Have you kept your first unicycle?

Sure, a lot of us expand our uni stable. So, I was wondering how many long time riders have kept their original unicycle?

If so, was it for sentimental reasons, practical reasons, simple enjoyment reasons etc? Maybe that first uni is the only one you’ve ever owned and has always met your needs.

So if you haven’t kept it, what were the reasons that saw you let it go? Weren’t sentimentally attached to it and replaced with another uni? Financial? Gave it away as a gift? Stopped riding for years then got back into it? Do you wish you could get it back?

If you do still have that original ride, how modified has it become over the years? Do you still ride it?

For my part, I am always pretty fond of things that were firsts for me. My original uni is a case in point. It gave me my first thrills so I like having it around and love riding it. I doubt I’ll ever not have it.

My first was a Schwinn 24" which I got as a teenager for Christmas about 15 years ago. I broke it hopping curbs, but held onto it for sentimental reasons. I kept it at my parent’s house after I got married and moved out. (Not much room for broken unicycles in our apartment.) It was thrown out a few years ago when my parents moved to a smaller place. I saved the seat as something to remember her by. When my wife and I moved earlier this year she threw the seat out without telling me. :frowning: She thought that it was trash. It was a piece of trash, but it was my piece of trash… Oh well.

I went into a basement bicycle store one day to buy a tyre and I noticed an old unicycle with a 20" wheel, hanging from the ceiling. I expressed interest so the man took it down for me to have a closer look.

There was some rust on it but not a lot so I asked the price and it wasn’t cheap. I thanked the owner and went away with just the tyre and didn’t really think a lot more about it.

A couple of weeks later I got to thinking about the unicycle again and I decided if the unicycle was still there that I would buy it. Of course it was still there, because who in their right mind would want to buy an overpriced rusty old unicycle. However, I got a slight reduction on the price and purchased my first unicycle.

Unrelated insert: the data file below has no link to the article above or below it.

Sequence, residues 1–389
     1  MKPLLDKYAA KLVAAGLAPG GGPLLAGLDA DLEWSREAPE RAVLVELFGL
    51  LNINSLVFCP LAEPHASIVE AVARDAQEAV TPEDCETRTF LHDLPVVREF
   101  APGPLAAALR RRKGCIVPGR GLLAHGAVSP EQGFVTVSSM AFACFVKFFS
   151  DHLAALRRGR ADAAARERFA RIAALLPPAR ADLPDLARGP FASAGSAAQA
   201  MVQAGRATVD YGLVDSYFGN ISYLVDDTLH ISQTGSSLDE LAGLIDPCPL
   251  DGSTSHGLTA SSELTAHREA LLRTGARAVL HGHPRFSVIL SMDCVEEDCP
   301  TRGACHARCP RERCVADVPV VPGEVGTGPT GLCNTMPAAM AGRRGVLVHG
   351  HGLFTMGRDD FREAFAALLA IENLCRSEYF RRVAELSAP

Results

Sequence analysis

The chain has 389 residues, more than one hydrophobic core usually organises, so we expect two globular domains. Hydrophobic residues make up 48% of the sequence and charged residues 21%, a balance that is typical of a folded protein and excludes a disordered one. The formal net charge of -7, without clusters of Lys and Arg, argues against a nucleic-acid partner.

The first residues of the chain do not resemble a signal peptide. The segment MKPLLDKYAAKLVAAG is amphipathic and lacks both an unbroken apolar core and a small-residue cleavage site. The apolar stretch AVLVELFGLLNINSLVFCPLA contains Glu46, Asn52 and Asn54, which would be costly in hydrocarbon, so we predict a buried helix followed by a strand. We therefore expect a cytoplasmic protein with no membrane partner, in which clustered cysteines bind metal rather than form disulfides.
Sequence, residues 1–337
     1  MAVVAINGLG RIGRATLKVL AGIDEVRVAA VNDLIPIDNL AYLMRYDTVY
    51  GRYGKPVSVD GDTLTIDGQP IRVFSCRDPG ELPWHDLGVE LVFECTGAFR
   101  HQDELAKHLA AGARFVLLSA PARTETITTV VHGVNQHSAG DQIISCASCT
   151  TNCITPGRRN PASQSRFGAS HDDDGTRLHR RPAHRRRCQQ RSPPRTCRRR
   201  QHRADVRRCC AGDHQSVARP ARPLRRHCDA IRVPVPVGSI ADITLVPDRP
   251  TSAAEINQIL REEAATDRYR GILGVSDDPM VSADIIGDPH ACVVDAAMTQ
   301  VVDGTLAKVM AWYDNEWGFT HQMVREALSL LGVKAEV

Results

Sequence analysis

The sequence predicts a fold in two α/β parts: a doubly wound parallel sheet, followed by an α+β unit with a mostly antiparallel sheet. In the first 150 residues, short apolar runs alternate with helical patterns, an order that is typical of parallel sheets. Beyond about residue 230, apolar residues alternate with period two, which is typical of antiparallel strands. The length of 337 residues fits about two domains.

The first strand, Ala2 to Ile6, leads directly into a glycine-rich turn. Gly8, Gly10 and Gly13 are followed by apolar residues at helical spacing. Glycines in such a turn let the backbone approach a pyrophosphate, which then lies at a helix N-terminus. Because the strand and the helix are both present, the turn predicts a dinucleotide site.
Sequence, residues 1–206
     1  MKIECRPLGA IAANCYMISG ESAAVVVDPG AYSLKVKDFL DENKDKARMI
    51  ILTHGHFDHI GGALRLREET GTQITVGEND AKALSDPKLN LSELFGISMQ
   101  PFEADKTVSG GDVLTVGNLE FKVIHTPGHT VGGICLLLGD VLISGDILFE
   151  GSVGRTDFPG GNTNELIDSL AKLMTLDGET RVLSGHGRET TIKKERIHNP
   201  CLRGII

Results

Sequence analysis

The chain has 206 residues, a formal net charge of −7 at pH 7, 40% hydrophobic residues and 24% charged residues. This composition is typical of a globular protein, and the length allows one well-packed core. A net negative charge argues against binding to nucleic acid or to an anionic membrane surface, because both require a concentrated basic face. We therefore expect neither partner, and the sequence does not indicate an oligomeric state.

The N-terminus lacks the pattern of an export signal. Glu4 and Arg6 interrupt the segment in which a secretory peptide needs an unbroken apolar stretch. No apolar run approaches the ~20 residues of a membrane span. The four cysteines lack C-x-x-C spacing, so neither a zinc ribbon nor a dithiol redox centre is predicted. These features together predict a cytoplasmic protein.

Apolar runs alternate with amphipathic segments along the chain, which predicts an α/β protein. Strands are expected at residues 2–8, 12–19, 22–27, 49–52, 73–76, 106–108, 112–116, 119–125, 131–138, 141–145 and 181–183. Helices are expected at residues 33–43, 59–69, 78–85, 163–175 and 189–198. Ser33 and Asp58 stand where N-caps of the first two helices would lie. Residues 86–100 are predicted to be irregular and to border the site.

Day after day I practised on the grass in the park, I was learning to free mount and ride all in one huge effort using the internet for instruction. I went back to the same spot so often that my wheel made a groove in the ground. The groove was quite helpful because it stabilized the wheel as I freemounted.

Suffice to say, I finally got one pedal revolution, then two and so on until I had motion and then there was no stopping me.

During my research I noticed a site called Unicycle.com U.k. and made a phone call and got talking to Roger who was very helpful and knowledgeable.

Like so many other unicyclists I built up my fleet.

Despite having a fleet of quality unicycles, I still have my first no name rusty chromed unicycle minus the viscount saddle which I replaced with a more comfortable saddle and I kept the receipt.

Why have I kept the unicycle? Well, it brings back fond memories especially that elation I got when I was able to mount, stay balanced and ride for the first time. That was one of my greatest achievements. It’s also useful for teaching someone else who wants to learn how to unicycle.

I still have my old 24 inch unicycle. I have worn out the tire completely despite of rotating it 1/8 revolution a few times. I have recently replaced the tire and still use it on occasion. Its like keeping your old rucksack around just because it faithfully carried your stuff on too many adventures :-). I will never be able to throw it away.

I still have my eBay special 24", #1 because it was a birthday present and it’d be wrong to bin it, #2 because i sometimes use it to practise easy tricks, and #3 because well, it still works, so why would I? :smiley:

It’s a crapheap but I’ve replaced most of the parts (It has the black and yellow Qu-Ax saddle that came with my 29er!) so it’s solid enough for normal use. It is, however, only a 24" wheel, so can’t get me anywhere very fast (nor is it strong enough to be used for the sort of MUni a 24" would be suited for) so it doesn’t really leave my front garden :smiley:

I broke my first one so no, I don’t have it anymore

I wore my first unicycle out and it’s now gone…

The uni on which I learned broke and was tossed. It was such a horrendous piece of garbage that it should have been thrown out the minute my dad brought it home from a garage sale. But I was in 8th grade at the time and didn’t know any different, and I had just watched a friend of mine learn to ride and I wanted one. So I learned on this awful thing with nylon lollipop bearings and one-piece crank on a 20" wheel. I don’t know how it was possible for anyone to learn on that awful thing. I finally twisted the cranks in half and we threw it away.